Baby biscuits with high levels of known carcinogen found on sale in France

16 Feb 2017 Acrylamide in food

A snapshot survey of a range of biscuits and rusks for babies and infants on sale in
France shows that products with high levels of acrylamide, a known carcinogen, continue
to be placed on the market. Recently, several similar products sold in Croatia, Hungary,
Slovakia, Slovenia and Bulgaria were recalled from the market due to high levels of

A number of laboratory tests conducted on behalf of the Changing Markets Foundation show that
babies and young children continue to be exposed to food products with concerning levels of
acrylamide, at levels close and above the European benchmark. The highest acrylamide level
was found in a sample of biscuits aimed at 12-month-old babies from the Nestlé brand, which
was above the European level of 200 µg/kg and seven times higher than those products with the
lowest concentration. Two samples of similar products from the Picot and Carrefour brands were
found to have concentrations very close to the European benchmark. In recent months, similar
products sold in Croatia, Hungary, Slovakia, Slovenia and Bulgaria were recalled from the market
for having high levels of acrylamide [1].

Acrylamide is a carcinogenic chemical found in many food products consumed by Europeans
such as bread, coffee, biscuits, cereals, potato products and several types of baby foods.
Exposure of babies and young children to acrylamide is particularly worrying as the European
(EFSA) and the French Food Safety Authorities (ANSES) estimate it to be close to levels of
concern [2].

Under the current protocol [3], Member states have been obliged to monitor levels of acrylamide
in food products since 2007 and take action when products are found at levels higher than the
European benchmark. For biscuits and rusks for babies and young children, this has been set at
200 µg/kg, which is at the high end of concentrations observed over the years.

“It is unacceptable that even major brands do not seem to be taking full responsibility to reduce
acrylamide levels in their products ignoring the long-term health impacts these could have on
most vulnerable consumers such as babies and young children” said Véronique Moreira,
president of WECF France. “These findings highlight the urgency to put in place a robust EU
regulatory framework so that food operators make real efforts in lowering acrylamide levels
across their products.”

A draft legislative proposal on acrylamide [4] is currently being discussed by the European
Commission and Member States. This proposal fails to introduce maximum legal limits for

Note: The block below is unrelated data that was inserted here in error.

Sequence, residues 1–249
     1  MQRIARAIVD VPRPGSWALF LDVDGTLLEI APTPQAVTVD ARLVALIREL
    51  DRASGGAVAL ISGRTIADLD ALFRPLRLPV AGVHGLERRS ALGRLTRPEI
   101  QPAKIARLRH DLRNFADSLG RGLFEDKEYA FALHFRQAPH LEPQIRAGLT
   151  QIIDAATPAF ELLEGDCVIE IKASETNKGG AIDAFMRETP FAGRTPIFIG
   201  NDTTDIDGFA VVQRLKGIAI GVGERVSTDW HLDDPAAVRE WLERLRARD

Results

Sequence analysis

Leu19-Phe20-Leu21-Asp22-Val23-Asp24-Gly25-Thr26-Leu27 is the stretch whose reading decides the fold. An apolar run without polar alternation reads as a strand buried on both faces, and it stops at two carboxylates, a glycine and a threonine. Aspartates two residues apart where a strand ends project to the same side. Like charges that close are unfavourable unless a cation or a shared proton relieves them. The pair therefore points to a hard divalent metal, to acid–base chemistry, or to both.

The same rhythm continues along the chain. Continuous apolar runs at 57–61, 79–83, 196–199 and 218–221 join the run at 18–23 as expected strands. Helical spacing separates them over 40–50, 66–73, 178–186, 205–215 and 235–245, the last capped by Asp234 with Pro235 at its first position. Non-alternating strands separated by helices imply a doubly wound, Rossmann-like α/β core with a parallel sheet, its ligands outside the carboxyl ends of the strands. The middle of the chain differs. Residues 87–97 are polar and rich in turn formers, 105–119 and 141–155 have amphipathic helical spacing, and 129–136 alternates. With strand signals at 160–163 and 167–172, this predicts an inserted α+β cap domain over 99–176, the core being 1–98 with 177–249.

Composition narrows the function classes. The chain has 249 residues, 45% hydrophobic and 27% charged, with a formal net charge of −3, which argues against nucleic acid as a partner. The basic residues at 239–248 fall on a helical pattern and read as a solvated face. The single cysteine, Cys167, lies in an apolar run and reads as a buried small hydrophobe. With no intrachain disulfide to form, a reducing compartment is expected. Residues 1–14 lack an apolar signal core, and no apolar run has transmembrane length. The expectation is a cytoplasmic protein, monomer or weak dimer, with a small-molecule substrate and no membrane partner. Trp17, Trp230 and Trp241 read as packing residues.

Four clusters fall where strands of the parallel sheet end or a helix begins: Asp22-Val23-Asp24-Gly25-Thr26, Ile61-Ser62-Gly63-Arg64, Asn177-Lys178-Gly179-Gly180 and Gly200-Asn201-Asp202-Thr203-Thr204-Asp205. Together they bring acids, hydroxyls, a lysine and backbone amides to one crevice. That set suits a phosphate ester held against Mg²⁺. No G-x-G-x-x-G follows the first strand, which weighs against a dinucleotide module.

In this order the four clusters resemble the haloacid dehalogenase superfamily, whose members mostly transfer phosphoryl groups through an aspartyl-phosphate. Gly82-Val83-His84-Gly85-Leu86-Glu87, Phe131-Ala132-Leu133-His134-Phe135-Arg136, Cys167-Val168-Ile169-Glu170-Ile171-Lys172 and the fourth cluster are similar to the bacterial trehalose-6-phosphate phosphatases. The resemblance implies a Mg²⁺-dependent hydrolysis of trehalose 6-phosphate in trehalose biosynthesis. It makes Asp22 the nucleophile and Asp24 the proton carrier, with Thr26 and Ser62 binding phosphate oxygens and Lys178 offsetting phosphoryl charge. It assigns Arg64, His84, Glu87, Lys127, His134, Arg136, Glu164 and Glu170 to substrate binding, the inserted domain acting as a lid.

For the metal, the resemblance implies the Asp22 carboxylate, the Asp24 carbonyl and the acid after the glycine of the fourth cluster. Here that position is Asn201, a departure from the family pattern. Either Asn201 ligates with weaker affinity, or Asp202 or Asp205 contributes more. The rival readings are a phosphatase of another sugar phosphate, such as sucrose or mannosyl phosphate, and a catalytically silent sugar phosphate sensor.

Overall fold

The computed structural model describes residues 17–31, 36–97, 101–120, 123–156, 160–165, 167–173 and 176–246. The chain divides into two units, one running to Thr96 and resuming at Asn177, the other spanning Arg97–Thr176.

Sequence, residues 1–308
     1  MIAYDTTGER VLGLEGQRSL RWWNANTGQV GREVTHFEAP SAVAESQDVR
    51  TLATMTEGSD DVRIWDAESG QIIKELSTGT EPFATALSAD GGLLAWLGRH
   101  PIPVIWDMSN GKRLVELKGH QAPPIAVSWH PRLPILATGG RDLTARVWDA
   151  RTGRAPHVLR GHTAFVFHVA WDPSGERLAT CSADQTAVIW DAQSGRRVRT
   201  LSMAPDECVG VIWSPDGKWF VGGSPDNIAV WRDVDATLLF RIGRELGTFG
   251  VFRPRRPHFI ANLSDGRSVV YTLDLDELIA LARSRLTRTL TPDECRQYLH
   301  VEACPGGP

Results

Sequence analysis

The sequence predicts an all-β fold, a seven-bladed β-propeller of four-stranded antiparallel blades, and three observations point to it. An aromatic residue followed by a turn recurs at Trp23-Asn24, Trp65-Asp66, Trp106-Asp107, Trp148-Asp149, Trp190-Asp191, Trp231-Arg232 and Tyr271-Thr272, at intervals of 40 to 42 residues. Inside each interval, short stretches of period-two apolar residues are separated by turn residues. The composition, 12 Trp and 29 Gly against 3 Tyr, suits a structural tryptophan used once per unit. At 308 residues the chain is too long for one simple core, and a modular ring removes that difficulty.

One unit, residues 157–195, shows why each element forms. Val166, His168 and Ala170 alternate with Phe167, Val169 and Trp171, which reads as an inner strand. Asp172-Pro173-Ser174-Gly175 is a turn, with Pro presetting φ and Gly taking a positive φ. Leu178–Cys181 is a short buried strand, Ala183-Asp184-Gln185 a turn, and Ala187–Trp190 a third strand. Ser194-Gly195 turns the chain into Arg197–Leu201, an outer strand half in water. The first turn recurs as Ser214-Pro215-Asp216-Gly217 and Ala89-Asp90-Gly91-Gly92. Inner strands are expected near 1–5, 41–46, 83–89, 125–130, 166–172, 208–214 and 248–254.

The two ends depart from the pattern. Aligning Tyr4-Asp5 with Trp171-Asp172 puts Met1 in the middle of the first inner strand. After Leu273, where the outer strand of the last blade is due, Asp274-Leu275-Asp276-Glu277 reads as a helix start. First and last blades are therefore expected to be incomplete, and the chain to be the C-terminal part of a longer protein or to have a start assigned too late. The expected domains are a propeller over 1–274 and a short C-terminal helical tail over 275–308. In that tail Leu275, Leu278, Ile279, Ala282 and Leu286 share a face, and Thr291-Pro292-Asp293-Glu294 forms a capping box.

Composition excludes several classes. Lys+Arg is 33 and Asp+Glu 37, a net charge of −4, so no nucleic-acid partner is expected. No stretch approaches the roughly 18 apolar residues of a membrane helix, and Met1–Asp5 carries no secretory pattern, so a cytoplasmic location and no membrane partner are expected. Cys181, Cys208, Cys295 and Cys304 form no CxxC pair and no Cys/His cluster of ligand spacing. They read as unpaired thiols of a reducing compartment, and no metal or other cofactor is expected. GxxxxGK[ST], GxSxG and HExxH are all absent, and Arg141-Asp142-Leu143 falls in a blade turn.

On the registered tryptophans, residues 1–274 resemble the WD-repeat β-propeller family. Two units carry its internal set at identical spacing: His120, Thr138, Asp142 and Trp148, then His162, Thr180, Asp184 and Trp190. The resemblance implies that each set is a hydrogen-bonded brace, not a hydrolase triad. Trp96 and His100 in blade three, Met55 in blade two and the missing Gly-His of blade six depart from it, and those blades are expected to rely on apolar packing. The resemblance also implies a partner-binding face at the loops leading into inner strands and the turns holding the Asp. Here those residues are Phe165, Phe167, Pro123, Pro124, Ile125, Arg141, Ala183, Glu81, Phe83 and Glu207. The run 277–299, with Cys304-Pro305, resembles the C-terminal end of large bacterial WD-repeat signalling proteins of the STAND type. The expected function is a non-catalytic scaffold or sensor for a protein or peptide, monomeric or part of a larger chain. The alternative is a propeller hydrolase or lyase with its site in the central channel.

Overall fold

acrylamide even for baby food products, contrary to the approach taken on other contaminants in
EU law, and it keeps the benchmarks at very high levels compared to technically feasible
reductions observed. The vote on the draft proposal is expected in March.

“France should follow recent actions from other Member States and ensure products with high
levels of acrylamide are no longer being placed on the market, particularly as EFSA data
released to SumOfUs [5] demonstrated that sales of such products are not an isolated case”
Nabil Berbour from SumOfUs, a mobilisation movement of consumers/workers/investors whose
petition on this matter has reached over 209,000 signatures [6] “France should take due note of
the concerns raised by ANSES and put people’s health before the profit of corporations by asking
the European Commission to set ambitious legally binding levels for acrylamide in food products
as soon as possible.”

[1] Member States take action to remove baby biscuits with high levels of acrylamide from the
[2] EFSA’s scientific opinion on acrylamide in food
ANSES’ study on exposure to dangerous chemicals in children’s diet:
[3] European Commission’s Recommendation 2013/647/EU
[4] European Commission’s draft legislative proposal
[5] SumOfUs’ report on acrylamide levels found in food in the EU
[6] SumOfUs’ petition on acrylamide

About the analysis:

The samples were prepared and analysed for acrylamide by Fera Science Ltd in York (UKAS
ISO17025 accredited laboratory). The analytical method was gas chromatography−mass
Spectrometry (GC-MS), which has a reporting limit of 30 μg/kg. The samples were taken in
different retailers in Nantes in January 2017.

About WECF France

French organisation part of the WECF Network alongside with 150 member organisations and
individuals who share a common concern to promote a just and healthy planet for all, strengthen
the role of women and promote a gender and rights based approach in environment and
sustainable development policy and implementation. In order to reach its goals WECF
implements projects in partnership with local organizations in 50 countries.

About SumOfUs
SumOfUs is mobilisation movement of consumers/workers/investors who want to make big
corporations accountable. 12 million individuals have acted more than 50 million times
everywhere in the world since SumOfus was created.

Further information:
Aurèle Clémencin
Outreach and campaigns (French media)
+33 6 77 06 29 60

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